Assuntos
Doenças do Cão/imunologia , Doenças do Cão/prevenção & controle , Propriedade/estatística & dados numéricos , Vacinação/estatística & dados numéricos , Animais , Atitude , Cães , Alemanha , Humanos , Leptospirose/imunologia , Leptospirose/prevenção & controle , Inquéritos e Questionários , Cobertura Vacinal/estatística & dados numéricos , Médicos Veterinários/estatística & dados numéricos
12.
PLoS One ; 15(8): e0237991, 2020.
Artigo em Inglês | MEDLINE | ID: mdl-32853290

RESUMO

Contextual and individual risk factors of veterinarians' professional quality of life are being debated. Research suggests that attachment styles are relevant predictors of professional quality of life; however, their role in work-related well-being of veterinarians is yet to be ascertained. In the present study, self-report measures on exposure to animal suffering, adult attachment styles, and professional quality of life were administered to 1,445 Italian veterinarians (70% females) aged 24 to 74 years old; sociodemographic information and information on workload were also collected. Female gender, higher levels of ordinary workload, on-call hours per week, exposure to animal suffering, together with fearful and preoccupied attachment styles were significantly associated with lower levels of veterinarians' quality of life. This suggests that work-related factors may combine with individual psychological features in promoting or disadvantaging the professional quality of life of veterinarians. Implications of these findings for promoting veterinarians' quality of life and directions for future research are discussed.


Assuntos
Bem-Estar do Animal , Qualidade de Vida , Estresse Psicológico , Médicos Veterinários/psicologia , Adulto , Idoso , Feminino , Humanos , Itália , Masculino , Pessoa de Meia-Idade , Adulto Jovem
13.
Vet Rec ; 187(4): 140-141, 2020 08 22.
Artigo em Inglês | MEDLINE | ID: mdl-32826370

RESUMO

In this article exploring some of the key recommendations from the RCVS Legislation Working Party (LWP), RCVS registrar and director of legal services Eleanor Ferguson discusses disciplinary reform.


Assuntos
Técnicos em Manejo de Animais/legislação & jurisprudência , Legislação Veterinária/organização & administração , Má Conduta Profissional/legislação & jurisprudência , Sociedades Veterinárias , Médicos Veterinários/legislação & jurisprudência , Humanos , Reino Unido
15.
PLoS One ; 15(8): e0235866, 2020.
Artigo em Inglês | MEDLINE | ID: mdl-32813747

RESUMO

OBJECTIVES: As an important public health concern, antimicrobial resistance (AMR) is related to lack of knowledge among healthcare professionals. Since the Global Action Plan on AMR highlights the importance of training all healthcare professionals, it is essential to focus our attention on the education related to judicious antimicrobial use. The current study was the first attempt in southeastern Europe to quantify the knowledge about antimicrobial usage and biosecurity measure among veterinary students. METHODS: This questionnaire-based study was performed between April and May of 2019 on 213 veterinary students of the University of Novi Sad, Serbia and the University of Zagreb, Croatia. RESULTS: Veterinary students appeared to be little aware of antimicrobial use in veterinary medicine contribution to overall AMR since only 56.8% have chosen strong contribution as the answer. Of the students surveyed, only 22.1%/35.7% of them strongly agreed/agreed that the amount of teaching time for pharmacology was about right. Students who denied having good knowledge of the pharmacology of antimicrobials showed higher knowledge about systemic use of antimicrobials in different clinical scenarios (p = 0.002). High importance of some antimicrobials for human medicine was not recognized by surveyed students. Only 8.5% of them identified gentamicin correctly, as first-line therapy. Students expected to graduate later were more likely to identify the importance of rating antimicrobials correctly than those who thought they would graduate earlier (p = 0.002). More than half of students gave correct answer at scenario regarding a dog with recurrent pyoderma by choosing culture and susceptibility (C & S) testing. Our students who think they will graduate sooner have higher knowledge level on C & S testing sample submission for range of clinical scenarios (p = 0.004). Moreover, appropriate use of PPE (personal protective equipment) procedure and biosecurity measure were reported for two thirds of our students in case of only for two clinical scenarios. CONCLUSION: This study reveals that among veterinary students from Croatia and Serbia improved undergraduate education is needed on the AMR with emphasis on antimicrobial stewardship (AMS) and appropriate biosecurity.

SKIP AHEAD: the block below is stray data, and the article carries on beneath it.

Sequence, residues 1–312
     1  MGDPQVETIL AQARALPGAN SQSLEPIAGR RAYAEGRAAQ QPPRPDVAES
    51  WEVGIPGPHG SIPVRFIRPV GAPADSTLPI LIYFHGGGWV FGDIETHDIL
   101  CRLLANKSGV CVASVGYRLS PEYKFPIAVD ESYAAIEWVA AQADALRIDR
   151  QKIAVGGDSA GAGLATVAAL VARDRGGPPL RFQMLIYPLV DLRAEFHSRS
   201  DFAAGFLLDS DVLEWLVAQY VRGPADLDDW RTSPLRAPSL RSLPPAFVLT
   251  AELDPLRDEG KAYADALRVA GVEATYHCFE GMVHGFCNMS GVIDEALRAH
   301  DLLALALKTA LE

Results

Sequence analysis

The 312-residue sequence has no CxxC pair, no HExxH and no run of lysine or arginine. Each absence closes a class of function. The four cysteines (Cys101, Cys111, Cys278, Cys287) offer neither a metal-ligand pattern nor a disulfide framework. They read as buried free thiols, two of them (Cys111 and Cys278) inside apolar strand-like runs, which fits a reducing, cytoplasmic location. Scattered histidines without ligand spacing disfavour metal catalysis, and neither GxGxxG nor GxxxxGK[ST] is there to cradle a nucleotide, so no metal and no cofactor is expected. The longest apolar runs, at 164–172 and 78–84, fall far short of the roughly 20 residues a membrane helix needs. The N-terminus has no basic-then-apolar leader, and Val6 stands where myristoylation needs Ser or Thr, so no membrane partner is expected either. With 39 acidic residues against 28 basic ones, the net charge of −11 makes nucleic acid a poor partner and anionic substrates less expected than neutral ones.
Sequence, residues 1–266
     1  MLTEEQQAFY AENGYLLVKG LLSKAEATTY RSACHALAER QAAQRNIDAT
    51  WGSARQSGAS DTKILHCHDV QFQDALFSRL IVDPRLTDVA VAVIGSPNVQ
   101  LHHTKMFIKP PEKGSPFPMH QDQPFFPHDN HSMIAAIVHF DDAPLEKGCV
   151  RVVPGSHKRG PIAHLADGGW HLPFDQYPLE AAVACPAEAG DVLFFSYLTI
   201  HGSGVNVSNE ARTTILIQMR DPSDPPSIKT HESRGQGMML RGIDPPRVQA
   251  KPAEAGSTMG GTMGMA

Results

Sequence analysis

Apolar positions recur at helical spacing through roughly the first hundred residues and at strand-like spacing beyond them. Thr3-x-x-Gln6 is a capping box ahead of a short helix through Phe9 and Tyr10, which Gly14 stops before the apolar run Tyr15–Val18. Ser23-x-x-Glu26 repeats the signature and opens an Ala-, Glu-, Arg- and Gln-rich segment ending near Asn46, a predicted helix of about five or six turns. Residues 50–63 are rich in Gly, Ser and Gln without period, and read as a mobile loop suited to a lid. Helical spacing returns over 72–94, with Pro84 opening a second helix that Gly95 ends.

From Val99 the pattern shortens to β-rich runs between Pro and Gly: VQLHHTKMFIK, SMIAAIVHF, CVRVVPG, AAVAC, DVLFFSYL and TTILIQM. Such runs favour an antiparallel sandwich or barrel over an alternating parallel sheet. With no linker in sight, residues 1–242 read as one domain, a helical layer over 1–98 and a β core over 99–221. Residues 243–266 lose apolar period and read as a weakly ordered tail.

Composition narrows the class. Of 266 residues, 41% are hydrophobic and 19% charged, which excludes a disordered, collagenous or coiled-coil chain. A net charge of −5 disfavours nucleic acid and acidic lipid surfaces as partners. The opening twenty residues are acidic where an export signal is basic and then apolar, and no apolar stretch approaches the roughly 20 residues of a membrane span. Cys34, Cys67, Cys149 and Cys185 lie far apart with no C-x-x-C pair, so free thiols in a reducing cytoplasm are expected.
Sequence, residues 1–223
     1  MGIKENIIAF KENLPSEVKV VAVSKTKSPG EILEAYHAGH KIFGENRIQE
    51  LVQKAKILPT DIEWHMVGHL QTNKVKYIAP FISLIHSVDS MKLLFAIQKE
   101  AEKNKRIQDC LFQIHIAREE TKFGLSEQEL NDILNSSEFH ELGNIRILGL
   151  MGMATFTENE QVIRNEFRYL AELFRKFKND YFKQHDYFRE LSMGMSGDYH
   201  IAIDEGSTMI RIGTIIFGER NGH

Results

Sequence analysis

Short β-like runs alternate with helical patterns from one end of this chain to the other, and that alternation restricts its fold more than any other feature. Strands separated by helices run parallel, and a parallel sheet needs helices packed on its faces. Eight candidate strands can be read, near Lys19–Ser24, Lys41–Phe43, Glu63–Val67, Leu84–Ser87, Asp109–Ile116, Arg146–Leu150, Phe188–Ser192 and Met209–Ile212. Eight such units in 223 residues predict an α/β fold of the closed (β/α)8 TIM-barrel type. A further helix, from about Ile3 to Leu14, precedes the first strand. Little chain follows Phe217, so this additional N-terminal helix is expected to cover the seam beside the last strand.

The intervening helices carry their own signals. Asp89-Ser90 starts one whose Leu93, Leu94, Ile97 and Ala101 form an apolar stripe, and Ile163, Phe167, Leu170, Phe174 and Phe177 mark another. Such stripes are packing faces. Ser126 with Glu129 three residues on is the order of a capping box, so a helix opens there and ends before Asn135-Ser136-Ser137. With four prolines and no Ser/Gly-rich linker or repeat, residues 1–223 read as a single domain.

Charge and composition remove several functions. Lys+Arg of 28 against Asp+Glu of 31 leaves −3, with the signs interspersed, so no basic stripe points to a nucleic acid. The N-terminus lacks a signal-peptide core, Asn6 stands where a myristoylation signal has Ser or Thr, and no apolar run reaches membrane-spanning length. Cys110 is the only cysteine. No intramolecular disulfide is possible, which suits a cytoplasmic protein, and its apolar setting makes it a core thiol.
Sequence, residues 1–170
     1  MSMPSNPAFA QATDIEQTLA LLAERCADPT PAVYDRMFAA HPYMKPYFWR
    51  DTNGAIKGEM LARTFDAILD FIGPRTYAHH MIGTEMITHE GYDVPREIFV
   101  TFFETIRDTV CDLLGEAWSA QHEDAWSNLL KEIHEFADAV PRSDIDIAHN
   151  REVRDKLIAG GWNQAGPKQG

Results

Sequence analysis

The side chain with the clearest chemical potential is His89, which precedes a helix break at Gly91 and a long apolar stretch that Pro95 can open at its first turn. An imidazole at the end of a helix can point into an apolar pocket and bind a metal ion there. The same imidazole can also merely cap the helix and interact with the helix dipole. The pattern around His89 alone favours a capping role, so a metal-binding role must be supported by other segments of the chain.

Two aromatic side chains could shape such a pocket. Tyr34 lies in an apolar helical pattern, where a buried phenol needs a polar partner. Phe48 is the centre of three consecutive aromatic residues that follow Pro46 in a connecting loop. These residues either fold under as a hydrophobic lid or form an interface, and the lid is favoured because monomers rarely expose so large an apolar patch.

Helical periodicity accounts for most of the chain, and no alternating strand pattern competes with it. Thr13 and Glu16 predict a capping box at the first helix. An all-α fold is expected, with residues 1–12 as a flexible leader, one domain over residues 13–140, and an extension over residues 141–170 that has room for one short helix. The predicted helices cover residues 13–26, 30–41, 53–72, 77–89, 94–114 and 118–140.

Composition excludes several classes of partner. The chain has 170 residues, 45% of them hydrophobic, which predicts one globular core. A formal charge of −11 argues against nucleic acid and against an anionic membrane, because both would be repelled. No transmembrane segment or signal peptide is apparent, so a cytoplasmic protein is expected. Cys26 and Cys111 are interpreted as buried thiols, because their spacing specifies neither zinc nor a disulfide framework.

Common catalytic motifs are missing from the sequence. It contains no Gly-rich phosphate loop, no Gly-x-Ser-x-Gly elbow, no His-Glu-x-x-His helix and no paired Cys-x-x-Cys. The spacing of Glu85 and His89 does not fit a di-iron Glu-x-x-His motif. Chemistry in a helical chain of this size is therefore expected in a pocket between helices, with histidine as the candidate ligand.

Assuntos
Gestão de Antimicrobianos , Educação em Veterinária , Adulto , Anti-Infecciosos/uso terapêutico , Gestão de Antimicrobianos/métodos , Croácia , Educação em Veterinária/métodos , Feminino , Humanos , Masculino , Sérvia , Estudantes , Médicos Veterinários , Drogas Veterinárias/uso terapêutico , Adulto Jovem